Dogs (or four-legged friends of any kind) are a man’s best friend. But their real estate — not so much.
In observing the cohabiting arrangement of men and their furry counterparts, a conceivable pattern emerges: for the most part, pet furnishings remain stowed away from plain sight. This is where the comradery between pets and their owners meets a divide.
Inside a well-designed living space, these acquisitions stick out like a sore thumb — an aesthetic displeasure that even the boundless love for a pet cannot blind. Generally observable within the sphere of furniture for the four-legged kind, is the triumph of function over form. For the most part, the latter, takes the backseat as an inconsequential afterthought.
The short-comings do not end there. The repertoire of styles available in itself, are sparse in its choices. While good design might not be distinguishable by the diminished coloured vision of dogs or the blurry vision of a cat, it marks a palpable difference within a home.
This lapse in design has been kept swept under the rug, or literally at the back end of a home —a paradigm due to shift in the face of a younger generation of pet owners. According to the American Pet Products Association, the millennial set make up the largest pet owning demographic. With the shift in demographic follows the demands of a new millennial generation.
Its relentless pursuit of aesthetic — a buzzword amongst the age group — underscores the contemporary way of life where function independent of form is essentially, dispensable. To a generation that meticulously curates its life for social media, purchasing decisions are inherently swayed by superficiality — doing it for the ‘gram, if you will.
A rabbit hutch crafted from massive oak.
“We are seeing a small but growing number of pet lovers who are willing to splurge on their best friend, be it a cat or a dog,” says Andrew Tan, owner of Japanese furniture and lifestyle brand Atomi and Actus Häuse.
It also serves to recognise that these days, not only people but their pets too have their own profiles on social media — the most famous pooches on Instagram count followings that go into the millions. If any pet stands a remote shot at Internet stardom, God forbid unappealing pet furniture and accessories impede the possibility.
“Almost all the customers at our boutique do look at whether the pet furniture will fit into their lifestyle. Their main concerns are whether the colour suits the existing furniture in the household, the workmanship and practicality,” says Beverly Kay, the owner of a local luxury pet accessories store.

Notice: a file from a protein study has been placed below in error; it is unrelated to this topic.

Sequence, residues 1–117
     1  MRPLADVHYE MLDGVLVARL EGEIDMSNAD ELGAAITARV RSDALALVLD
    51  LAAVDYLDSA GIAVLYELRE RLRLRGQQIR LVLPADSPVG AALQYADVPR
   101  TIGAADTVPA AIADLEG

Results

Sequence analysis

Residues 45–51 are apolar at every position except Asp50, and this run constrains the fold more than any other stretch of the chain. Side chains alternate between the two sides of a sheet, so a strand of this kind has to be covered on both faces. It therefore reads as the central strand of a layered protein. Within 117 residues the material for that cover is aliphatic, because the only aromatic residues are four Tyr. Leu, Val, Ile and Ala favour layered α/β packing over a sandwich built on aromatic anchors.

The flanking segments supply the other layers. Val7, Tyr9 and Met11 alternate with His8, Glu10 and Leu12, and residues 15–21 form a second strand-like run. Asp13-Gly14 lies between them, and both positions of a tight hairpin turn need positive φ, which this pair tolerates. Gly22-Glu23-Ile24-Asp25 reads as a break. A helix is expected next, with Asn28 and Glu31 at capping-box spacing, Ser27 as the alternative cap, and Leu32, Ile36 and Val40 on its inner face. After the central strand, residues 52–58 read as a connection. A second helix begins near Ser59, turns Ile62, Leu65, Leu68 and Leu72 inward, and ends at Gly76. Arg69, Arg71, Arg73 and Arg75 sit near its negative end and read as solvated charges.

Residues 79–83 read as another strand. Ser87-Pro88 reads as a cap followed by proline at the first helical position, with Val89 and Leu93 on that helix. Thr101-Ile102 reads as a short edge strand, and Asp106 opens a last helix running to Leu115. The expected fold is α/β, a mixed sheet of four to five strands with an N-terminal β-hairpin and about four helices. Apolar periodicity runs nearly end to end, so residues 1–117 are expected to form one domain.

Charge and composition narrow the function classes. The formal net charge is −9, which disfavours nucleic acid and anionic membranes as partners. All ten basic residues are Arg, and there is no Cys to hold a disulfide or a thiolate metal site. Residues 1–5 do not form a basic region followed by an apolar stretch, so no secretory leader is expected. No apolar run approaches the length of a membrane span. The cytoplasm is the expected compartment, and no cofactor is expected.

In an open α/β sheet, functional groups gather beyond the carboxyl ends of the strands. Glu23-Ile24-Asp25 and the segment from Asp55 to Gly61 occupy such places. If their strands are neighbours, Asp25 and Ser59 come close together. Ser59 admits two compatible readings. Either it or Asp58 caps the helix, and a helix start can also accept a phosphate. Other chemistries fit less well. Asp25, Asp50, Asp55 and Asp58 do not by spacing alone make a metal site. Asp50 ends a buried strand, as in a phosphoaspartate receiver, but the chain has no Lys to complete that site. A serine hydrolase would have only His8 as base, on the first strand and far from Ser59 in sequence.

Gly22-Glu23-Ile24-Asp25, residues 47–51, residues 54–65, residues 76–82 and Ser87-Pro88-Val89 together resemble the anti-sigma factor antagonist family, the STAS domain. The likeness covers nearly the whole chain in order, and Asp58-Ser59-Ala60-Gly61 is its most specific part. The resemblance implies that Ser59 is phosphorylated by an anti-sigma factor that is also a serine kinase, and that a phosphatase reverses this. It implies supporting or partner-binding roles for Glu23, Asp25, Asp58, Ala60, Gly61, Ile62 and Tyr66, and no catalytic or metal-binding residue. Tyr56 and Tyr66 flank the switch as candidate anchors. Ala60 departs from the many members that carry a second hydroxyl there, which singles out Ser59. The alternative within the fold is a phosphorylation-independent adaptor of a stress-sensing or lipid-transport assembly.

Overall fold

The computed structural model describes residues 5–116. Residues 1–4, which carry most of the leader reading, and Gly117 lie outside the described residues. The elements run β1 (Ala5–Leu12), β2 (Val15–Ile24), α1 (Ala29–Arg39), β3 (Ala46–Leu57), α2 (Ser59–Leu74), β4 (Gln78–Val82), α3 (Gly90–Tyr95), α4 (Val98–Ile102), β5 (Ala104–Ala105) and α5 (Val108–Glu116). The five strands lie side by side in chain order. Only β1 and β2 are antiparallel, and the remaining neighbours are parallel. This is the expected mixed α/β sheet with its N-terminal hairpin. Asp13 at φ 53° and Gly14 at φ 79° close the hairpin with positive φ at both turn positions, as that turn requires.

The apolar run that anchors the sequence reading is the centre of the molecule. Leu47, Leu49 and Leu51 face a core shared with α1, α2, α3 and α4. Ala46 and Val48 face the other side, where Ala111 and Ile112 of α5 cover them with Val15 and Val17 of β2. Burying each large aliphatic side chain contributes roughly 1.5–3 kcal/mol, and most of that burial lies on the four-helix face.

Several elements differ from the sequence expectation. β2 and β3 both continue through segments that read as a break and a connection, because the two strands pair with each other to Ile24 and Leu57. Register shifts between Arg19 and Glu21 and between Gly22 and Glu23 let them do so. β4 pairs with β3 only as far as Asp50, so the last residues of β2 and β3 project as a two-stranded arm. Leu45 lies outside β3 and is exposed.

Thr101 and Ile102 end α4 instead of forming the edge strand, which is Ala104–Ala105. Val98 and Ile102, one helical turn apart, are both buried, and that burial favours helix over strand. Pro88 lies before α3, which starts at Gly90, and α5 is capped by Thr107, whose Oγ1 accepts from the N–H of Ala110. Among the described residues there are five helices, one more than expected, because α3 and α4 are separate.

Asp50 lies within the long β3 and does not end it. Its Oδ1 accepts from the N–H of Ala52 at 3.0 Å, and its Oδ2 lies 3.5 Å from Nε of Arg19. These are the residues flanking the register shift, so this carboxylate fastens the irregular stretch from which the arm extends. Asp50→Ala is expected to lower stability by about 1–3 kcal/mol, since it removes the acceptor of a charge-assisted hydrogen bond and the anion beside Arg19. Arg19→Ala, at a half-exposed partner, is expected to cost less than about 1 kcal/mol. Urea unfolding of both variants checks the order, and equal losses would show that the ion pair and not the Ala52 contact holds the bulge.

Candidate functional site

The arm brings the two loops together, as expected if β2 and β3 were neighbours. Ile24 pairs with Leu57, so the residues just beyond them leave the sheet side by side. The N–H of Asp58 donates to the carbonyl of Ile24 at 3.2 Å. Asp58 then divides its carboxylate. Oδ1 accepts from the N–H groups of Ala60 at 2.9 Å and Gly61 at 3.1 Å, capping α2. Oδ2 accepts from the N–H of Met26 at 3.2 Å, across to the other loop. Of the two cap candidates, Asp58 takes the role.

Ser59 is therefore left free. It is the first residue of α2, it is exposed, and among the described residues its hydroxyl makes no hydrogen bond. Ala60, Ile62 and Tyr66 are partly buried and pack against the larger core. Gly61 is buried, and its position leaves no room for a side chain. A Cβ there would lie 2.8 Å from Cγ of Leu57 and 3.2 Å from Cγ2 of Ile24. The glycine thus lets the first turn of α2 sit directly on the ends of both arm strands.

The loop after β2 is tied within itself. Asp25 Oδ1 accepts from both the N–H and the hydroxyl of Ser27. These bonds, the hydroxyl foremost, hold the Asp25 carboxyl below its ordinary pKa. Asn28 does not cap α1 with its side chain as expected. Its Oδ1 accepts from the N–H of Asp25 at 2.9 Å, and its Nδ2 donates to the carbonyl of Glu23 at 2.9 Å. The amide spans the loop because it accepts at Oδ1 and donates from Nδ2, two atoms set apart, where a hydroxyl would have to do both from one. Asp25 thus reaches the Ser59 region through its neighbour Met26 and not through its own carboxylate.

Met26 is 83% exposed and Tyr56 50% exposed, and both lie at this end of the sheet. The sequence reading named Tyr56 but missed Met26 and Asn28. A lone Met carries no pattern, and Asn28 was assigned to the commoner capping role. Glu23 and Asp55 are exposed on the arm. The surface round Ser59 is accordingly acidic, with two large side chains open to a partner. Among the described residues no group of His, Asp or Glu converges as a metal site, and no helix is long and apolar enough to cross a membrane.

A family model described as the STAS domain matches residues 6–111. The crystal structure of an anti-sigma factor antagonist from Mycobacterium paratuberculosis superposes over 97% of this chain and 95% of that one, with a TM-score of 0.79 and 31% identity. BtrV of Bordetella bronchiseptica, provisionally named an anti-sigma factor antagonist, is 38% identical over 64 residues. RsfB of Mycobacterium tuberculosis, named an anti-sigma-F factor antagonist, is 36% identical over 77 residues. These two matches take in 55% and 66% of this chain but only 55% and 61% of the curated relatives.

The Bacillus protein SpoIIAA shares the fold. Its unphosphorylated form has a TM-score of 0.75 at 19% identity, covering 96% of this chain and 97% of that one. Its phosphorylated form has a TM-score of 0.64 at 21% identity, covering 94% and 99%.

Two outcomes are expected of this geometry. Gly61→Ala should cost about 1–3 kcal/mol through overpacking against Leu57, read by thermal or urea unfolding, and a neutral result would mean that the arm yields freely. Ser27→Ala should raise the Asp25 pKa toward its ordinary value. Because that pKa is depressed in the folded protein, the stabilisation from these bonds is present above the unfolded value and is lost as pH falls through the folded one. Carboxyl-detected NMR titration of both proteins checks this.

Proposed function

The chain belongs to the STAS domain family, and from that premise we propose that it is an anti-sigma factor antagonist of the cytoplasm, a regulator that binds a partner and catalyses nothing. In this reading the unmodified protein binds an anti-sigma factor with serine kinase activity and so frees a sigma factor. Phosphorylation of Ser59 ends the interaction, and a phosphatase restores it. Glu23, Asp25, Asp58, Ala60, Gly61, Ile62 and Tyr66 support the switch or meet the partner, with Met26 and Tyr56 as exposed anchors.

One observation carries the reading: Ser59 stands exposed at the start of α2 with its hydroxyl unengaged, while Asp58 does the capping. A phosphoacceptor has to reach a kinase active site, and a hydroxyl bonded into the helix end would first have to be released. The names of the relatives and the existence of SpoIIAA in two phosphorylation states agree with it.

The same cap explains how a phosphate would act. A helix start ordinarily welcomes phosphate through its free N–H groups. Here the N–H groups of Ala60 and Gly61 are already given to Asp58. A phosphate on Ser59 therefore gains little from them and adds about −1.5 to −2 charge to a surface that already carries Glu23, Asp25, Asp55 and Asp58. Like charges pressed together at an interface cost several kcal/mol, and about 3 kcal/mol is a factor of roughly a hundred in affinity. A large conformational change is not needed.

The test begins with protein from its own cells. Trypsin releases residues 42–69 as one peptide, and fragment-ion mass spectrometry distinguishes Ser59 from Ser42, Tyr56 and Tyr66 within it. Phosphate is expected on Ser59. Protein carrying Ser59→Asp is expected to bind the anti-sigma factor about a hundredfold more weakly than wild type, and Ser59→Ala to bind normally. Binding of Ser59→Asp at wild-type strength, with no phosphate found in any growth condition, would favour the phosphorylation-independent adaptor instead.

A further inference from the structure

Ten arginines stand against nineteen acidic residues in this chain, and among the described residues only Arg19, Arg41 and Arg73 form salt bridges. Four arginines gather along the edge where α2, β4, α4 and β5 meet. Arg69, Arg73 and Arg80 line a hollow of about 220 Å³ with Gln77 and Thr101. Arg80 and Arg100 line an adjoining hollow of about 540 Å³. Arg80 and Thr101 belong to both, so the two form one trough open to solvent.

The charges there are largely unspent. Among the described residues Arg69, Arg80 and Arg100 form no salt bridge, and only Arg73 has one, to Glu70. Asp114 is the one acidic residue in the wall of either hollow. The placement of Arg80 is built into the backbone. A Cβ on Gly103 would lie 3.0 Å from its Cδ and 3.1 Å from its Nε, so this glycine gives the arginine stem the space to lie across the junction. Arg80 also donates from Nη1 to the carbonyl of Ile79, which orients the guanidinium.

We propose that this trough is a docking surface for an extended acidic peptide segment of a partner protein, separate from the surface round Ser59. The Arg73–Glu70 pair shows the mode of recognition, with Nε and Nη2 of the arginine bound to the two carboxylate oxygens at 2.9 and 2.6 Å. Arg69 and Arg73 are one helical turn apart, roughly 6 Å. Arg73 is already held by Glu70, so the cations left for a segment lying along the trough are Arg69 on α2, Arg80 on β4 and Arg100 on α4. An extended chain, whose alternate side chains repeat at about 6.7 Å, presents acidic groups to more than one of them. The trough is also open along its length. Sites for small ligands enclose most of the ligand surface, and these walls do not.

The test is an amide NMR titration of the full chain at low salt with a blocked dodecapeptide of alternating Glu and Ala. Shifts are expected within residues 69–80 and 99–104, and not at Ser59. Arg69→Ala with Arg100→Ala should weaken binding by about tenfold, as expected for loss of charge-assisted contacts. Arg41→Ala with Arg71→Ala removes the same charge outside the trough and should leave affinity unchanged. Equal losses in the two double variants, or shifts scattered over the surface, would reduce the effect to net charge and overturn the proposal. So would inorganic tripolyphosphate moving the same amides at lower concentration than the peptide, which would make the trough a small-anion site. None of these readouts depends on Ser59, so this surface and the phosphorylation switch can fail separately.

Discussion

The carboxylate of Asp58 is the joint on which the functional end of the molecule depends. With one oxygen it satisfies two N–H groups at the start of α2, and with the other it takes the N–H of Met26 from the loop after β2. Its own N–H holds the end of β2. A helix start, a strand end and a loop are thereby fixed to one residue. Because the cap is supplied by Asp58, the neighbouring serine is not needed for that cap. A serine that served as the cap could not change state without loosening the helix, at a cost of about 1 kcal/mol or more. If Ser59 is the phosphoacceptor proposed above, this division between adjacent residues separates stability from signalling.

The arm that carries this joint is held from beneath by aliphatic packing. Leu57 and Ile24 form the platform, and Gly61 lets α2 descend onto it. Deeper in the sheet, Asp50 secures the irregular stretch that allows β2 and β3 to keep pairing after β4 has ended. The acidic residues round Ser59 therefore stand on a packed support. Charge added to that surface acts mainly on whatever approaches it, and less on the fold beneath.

A rocking birdcage.
With a voracious appetite for good design and knack for oversharing on social media, millennial pet owners actively seek out the visually palatable even for their four-legged companions. While it may have taken designers and furniture retailers awhile to get behind the millennial set’s vanity, changes are afoot.
“I see spending on designer pet accessories as another way for individuals to express their style. I think the demand is always there, it is just a matter of supply,” says Kay.
While artisanal pet furniture may still largely remain a novelty, noticeable headway has been observed. A pioneer in this arena, French luxury pet furniture creators Chimère, has been a purveyor of impeccably designed, veterinarian-approved pet furnishings since 2012.
“Our philosophy is to offer products that embellish pet owner’s homes and at the same time, provide comfort and functionality for the pets,” says the brand’s co-founder Frédéric Stouls. “We always keep in mind that clients are purchasing the products for their own pleasures too.”
The exquisite line-up of pet furnishing by Chimère, much of which is carved from massive oak, epitomises well designed furnishings that serve pet owners just as well as it serves its inhabitants. Leading the way for a burgeoning genre, the French pet furniture connoisseurs have also introduced customisation to their clientele.
A contemporary take on a dog bed.
“We offer tailor-made finishing if needed with a wider range of colours or materials. We could also possibly try and produce our designs in different sizes. We have worked on a specific grey cat litterbox for a friend of Karl Lagerfeld who wanted to offer it to him for his cat, Choupette,” says Stouls. “That colour is now one of the three current standard colours for our cat litterbox.”
The previously gapping disparity between form and function where pet furnishings are concerned has in the last few years significantly narrowed. In 2017, Swedish furniture giant Ikea launched a pet furniture range across five countries, Japan, France, Canada, United States and Portugal. The collection, specifically designed for pets, was a significant launch pad for well-considered assets for the furry kind.
“We have orders that commission us to make cat furniture, similar to the ones we have for human beings, except it’s tailored to fit the felines. Our maker gladly took up the challenge as it’s a reflection of their skills and craftsmanship, plus the owners love for their dearest pet,” says Tan.
As more industry players strive towards melding the living spaces between people and their furry companions, drab, displeasing pet furniture may soon be a thing of the forgotten past.
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